Videographic Explains Everything You Still Needed To Know About The Titantic

Data-vizulaizers show what happened, what went wrong and the response to the disaster onboard and off.

Data-visualization company After The Flood recently created a videographic for the BBC to serve as an introduction to the sinking of the Titanic for all audiences. The video looks at what happened, what went wrong and the response to the disaster onboard and off.

Writing about it on their site, ATF say that they wanted to demonstrate five aspects of the disaster:

We wanted to avoid the the usual conspiring about causes – we felt that there were a bunch of bad circumstances that all piled up at the wrong time.

We also wanted to show that people of all classes escaped and that the ‘women and children first’ order worked as well as it could.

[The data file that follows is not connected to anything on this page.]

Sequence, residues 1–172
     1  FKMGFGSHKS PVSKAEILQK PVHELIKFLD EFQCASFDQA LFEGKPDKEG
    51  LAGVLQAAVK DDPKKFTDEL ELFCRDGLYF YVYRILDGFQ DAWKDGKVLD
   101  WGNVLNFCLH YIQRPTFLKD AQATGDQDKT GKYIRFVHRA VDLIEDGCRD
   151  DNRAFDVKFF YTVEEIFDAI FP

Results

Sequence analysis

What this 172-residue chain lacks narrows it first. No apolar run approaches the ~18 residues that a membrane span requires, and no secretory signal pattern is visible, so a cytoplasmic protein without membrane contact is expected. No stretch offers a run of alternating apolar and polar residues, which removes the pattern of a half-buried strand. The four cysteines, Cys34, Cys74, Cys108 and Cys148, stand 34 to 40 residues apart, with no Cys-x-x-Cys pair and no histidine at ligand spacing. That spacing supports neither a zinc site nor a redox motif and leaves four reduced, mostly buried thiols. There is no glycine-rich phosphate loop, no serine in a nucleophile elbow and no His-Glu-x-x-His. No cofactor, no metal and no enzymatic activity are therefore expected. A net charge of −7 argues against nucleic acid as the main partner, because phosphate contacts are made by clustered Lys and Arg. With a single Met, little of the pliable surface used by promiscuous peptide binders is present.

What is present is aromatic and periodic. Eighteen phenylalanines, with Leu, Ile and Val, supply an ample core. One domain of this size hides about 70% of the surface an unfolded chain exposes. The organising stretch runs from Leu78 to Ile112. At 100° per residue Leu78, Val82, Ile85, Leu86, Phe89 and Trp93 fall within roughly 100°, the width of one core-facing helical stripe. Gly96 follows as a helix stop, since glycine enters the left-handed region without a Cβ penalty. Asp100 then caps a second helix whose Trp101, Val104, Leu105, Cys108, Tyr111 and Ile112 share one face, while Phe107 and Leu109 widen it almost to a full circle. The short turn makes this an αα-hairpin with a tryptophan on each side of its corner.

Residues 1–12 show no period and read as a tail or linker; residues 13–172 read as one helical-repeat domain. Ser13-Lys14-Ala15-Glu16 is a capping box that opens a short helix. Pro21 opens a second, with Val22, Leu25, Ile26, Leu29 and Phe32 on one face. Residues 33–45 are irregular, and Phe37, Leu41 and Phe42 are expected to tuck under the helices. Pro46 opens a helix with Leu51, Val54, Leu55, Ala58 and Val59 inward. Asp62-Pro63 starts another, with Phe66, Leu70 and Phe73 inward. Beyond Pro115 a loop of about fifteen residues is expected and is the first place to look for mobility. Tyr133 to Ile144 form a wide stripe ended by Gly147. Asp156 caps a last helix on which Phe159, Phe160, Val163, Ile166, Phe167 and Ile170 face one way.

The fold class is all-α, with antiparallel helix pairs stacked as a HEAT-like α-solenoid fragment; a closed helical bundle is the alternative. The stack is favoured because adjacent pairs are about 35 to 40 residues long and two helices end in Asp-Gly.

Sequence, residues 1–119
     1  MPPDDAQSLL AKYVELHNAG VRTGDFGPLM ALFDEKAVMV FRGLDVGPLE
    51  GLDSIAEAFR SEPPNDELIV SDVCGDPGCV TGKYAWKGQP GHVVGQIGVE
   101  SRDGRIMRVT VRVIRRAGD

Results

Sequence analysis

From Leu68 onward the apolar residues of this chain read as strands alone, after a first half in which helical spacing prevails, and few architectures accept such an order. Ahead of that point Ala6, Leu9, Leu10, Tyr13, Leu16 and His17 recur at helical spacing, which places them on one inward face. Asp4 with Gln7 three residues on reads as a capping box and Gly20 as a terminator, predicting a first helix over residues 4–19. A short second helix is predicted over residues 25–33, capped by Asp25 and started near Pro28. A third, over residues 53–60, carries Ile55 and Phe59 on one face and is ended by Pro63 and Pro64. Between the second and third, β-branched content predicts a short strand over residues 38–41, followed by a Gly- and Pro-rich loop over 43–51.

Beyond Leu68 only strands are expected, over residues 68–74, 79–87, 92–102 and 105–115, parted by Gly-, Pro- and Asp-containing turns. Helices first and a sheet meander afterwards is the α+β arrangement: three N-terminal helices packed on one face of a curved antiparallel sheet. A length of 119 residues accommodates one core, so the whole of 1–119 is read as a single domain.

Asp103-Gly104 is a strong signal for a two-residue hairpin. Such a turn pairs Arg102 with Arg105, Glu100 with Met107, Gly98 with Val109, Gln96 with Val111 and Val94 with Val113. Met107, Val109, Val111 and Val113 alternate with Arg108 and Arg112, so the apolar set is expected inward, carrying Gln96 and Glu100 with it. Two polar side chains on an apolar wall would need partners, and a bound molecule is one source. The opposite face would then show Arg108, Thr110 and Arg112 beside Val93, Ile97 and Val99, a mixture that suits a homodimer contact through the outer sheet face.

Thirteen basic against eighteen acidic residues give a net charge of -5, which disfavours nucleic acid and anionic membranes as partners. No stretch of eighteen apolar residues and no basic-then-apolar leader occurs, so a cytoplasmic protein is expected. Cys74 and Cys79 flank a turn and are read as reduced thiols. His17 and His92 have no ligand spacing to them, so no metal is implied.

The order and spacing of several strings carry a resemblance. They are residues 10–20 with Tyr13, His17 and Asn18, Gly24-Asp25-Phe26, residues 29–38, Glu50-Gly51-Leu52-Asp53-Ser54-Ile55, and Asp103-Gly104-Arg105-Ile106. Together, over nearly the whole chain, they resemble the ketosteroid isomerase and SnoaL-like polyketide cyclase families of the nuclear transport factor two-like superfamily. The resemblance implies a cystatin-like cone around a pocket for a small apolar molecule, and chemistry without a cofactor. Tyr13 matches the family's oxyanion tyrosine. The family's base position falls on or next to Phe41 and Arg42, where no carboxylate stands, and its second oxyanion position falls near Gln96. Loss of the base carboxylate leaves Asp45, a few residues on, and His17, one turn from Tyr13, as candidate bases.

We wanted to avoid the usual glistening 3D models and concentrate on views that would instill meaning into their story sections. So we showed versions of the boat in plan or skeleton form – and the sinking is an amalgamation of views – that acknowledges its un-reality.
We had to represent the ship and it’s interior – but all at the service of the main story. So instead of endless cutaways, we looked at the engines in context of Belfast, escape routes for the sinking and the cabin plans in context of passenger types and so forth.
The mapping is inspired by Richard Edes Harrison, who’s Look at the World Atlas showed destinations from where they were being looked at – inspired by the new technology of civilian air-travel – affording people new views on how to see routes between locations.
Commenting about the work, planner Russell Davies calls the work “Gorgeous Data”:
There’s too much Titanic stuff going round at the moment. But this is really worth watching. An illuminating, fascinating, moving bit of dataviz. I guess it’s dataviz, maybe, something like that, whatever it is, it’s brilliant.